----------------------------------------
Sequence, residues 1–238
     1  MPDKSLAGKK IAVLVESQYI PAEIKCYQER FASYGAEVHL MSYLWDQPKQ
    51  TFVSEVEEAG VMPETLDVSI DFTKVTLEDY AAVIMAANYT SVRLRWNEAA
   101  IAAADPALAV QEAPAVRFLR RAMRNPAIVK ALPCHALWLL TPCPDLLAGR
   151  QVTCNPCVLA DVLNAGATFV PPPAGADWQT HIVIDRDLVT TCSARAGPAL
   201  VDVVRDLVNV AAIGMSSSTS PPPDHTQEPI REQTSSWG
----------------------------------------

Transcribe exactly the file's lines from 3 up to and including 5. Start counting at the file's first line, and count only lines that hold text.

    51  TFVSEVEEAG VMPETLDVSI DFTKVTLEDY AAVIMAANYT SVRLRWNEAA
   101  IAAADPALAV QEAPAVRFLR RAMRNPAIVK ALPCHALWLL TPCPDLLAGR
   151  QVTCNPCVLA DVLNAGATFV PPPAGADWQT HIVIDRDLVT TCSARAGPAL